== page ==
And what is your vision for CruCycle? Initially, we wanted to bring something fun for our friends to do together. My siblings and I are very close in age, and we are highly social people. Naturally, we grew up going out with each other and had the same circle of friends. We created this community around ourselves unintentionally, and the support of our friends helped us spread the word, which is why CruCycle was so powerful from the beginning. We didn't spend any money on marketing whatsoever.

Of course, we saw the potential for CruCycle to become a lucrative business. We were raised in a family of business owners; we took that chance and really chose to invest 100% into it. No, 200%. We want to grow CruCycle into different boutique studios all over the world. We already have CruBox for boxing, but we want to do it all, I won’t say what else we have planned.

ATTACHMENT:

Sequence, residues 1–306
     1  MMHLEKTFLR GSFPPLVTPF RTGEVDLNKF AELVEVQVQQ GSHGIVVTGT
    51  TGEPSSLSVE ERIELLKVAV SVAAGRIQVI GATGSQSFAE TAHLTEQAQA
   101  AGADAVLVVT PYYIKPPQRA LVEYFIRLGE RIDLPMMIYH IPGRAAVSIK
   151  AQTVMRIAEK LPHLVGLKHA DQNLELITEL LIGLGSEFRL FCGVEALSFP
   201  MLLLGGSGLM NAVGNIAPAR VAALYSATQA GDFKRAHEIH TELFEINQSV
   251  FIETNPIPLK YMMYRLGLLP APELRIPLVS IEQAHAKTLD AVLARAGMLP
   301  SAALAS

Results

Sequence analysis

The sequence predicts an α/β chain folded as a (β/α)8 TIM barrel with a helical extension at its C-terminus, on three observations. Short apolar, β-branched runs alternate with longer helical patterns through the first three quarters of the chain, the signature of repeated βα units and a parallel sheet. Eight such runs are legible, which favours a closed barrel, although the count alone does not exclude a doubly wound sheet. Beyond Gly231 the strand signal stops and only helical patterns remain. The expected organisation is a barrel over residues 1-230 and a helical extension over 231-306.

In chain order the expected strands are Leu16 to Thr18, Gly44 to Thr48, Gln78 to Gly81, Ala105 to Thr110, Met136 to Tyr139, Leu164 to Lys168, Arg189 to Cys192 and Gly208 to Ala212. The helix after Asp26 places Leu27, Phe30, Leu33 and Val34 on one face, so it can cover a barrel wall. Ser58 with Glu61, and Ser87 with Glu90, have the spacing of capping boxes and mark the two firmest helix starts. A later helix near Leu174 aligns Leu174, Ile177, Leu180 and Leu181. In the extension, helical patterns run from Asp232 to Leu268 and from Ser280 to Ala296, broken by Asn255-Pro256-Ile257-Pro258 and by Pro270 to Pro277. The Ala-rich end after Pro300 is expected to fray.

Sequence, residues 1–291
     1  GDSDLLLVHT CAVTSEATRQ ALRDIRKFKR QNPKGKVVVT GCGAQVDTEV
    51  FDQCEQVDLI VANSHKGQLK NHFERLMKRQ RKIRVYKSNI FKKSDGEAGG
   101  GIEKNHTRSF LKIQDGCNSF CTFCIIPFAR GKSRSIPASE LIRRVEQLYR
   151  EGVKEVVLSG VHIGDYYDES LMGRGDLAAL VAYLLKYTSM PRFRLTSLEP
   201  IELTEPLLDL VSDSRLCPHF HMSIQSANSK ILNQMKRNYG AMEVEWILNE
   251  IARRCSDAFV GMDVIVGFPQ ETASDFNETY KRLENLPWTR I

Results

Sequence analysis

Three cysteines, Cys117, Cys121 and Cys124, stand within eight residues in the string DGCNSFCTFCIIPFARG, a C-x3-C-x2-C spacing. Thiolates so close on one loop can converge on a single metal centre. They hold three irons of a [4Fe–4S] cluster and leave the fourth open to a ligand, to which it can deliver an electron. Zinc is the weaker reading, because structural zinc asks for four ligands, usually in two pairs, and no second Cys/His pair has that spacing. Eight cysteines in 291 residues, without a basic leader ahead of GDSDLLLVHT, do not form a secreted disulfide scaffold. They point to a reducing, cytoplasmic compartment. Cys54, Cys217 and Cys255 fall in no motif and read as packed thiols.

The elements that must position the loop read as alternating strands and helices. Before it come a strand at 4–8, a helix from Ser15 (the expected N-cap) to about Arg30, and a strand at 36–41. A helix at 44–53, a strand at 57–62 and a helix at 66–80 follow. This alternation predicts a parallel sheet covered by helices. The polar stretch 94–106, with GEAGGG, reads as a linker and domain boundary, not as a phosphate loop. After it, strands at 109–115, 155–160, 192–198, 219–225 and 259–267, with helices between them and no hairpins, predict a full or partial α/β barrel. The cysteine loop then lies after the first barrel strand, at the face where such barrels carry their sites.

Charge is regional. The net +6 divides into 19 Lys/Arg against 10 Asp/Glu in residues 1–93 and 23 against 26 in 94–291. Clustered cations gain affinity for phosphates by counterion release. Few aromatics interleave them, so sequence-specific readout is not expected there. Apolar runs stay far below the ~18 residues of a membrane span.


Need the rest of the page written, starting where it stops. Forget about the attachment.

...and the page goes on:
I’m sure it wasn’t an easy ride to success. What were some of the challenges you had to face?

Oh, there are so many! For example, we had to tell our team of about 50 people that we have to close for over a month due to the COVID-19 situation. It was pretty heartbreaking.


Starting CruCycle at such a young age was also scary for me. From the responsibility of decision making to being worried about getting respect from staff older than me. In addition, stepping up to become an instructor was challenging. My brother and I trained to be the first batch of instructors because it was difficult to find good ones in Singapore at the time. I was not super physically fit and when we started training, I was definitely the worst amongst the rest. There was a lot of pressure to keep up and become the model instructors we envisioned CruCycle to have.


How about between you and your siblings? What is it like to work alongside them and do you get into arguments? For the first couple of years, there were several instances of toe-stepping and many more arguments as we had no idea what we were doing. We kept on trying until we found what we were all good at, or what we enjoyed doing. Naturally, we each began to handle different aspects of the business.